Zkittlez Weed Brand Gets Sued by Skittles Candy Maker for Trademark Infringement
Candy giant Mars Wrigley is suing weed businesses that manufacture Zkittlez, Medicated Skittles, Life Savers Medicated Gummies, and Starburst Gummies, for ripping off its product trademarks and logos.
Published on May 7, 2021

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Candy and chewing gum conglomerate Mars Wrigley is suing weed businesses in Canada, California, and Illinois for infringing on the trademarks of their classic Skittles, Starburst, and Life Savers candies. This week, the candy giant filed three lawsuits in federal court, asking for millions of dollars in damages and demanding the shutdown of several online cannabis retailers. 

First on the docket is Terphogz, a California cannabis company that sells weed, CBD, and merch under the “Zkittlez'' branding. The lawsuit accuses Terphogz of intentionally copying the brand name, logo, and even the famous “Taste the Rainbow” slogan of the company’s Skittles candy. Mars Wrigley is asking the court to permanently block Terphogz from selling these products, shut down the company's website, and close its social media accounts. 

This lawsuit, which was filed in Chicago federal court, also targets five unnamed cannabis businesses that operate in Illinois. Mars Wrigley believes these companies “purchase Terphogz’s Zkittlez goods and resell them to end users in Illinois,” the Chicago Sun-Times reports. Adult-use cannabis is legal in both California and Illinois, but shipping weed between US states is still a violation of federal law. If the lawsuit uncovers evidence that Terphogz has been shipping weed products to Illinois, the company could find itself subject to further federal prosecution.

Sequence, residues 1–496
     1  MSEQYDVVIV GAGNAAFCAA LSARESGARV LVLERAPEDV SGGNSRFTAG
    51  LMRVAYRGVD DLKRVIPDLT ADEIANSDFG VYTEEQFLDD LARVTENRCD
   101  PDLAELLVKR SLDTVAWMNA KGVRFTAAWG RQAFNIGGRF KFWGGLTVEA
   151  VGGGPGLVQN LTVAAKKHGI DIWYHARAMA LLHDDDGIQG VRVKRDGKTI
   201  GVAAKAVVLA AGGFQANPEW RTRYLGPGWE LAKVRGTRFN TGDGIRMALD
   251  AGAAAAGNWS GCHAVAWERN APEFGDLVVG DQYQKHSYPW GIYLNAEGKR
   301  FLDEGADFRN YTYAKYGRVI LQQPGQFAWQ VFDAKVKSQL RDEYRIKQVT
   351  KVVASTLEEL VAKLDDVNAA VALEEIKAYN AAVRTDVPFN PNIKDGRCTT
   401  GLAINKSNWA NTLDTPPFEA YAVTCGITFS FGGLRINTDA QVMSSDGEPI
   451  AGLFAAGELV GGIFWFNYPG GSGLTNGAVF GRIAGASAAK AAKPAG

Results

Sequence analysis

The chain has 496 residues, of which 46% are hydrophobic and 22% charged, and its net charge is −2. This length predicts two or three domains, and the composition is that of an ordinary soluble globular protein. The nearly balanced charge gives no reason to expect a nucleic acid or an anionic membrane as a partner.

On the same day, Mars Wrigley filed another federal lawsuit in Southern California against several online weed retailers that sell THC-infused knockoffs of the company's trademarked products. This lawsuit targets a number of products, including “Medicated Skittles,” “Life Savers Medicated Gummies,” and “Starburst Gummies,” all of which directly copy the names and trademarks of the company’s candies.

Unlike Terphogz, who were at least cautious enough to change the spelling of their product from Skittles to Zkittlez, many of these California knockoffs allegedly copy the candy corporation's trademarks verbatim. The main logo for the “Medicated Sour Skittles” edibles, for example, is identical to the standard Skittles logo, with the exception of a few cannabis leaves and standard THC warnings required by California law.

Mars Wrigley has also extended its sights to Canada, filing a third lawsuit against adult-use businesses that are allegedly infringing on their trademarks. In each of these lawsuits, the company is demanding $2 million in damages for each and every trademark violation. The litigation also demands that these companies cease and desist from selling knockoff products and shut down all associated websites. 

“At Mars Wrigley we take great pride in making fun treats that parents can trust giving to their children and children can enjoy safely,” a company spokesperson told CNBC. “We are deeply disturbed to see our trademarked brands being used illegally to sell THC-infused products, and even more so to hear of children ingesting these products and becoming ill.”

These lawsuits are the most recent installment in an ongoing trademark war between massive corporations and small-scale cannabis producers. The Ferrara Candy Company has been filing numerous lawsuits against companies for selling knockoffs of its popular Nerds rope candies, and Hershey's has sued dozens of companies for ripping off its chocolate products.

Companies outside of the candy industry, including Kool cigarettes, Gorilla Glue, and even the Girl Scouts of America, have also sued cannabis producers and retailers for copying their product names or trademarks.

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Chris Moore
Chris Moore is a New York-based writer who has written for Mass Appeal while also mixing records and producing electronic music.
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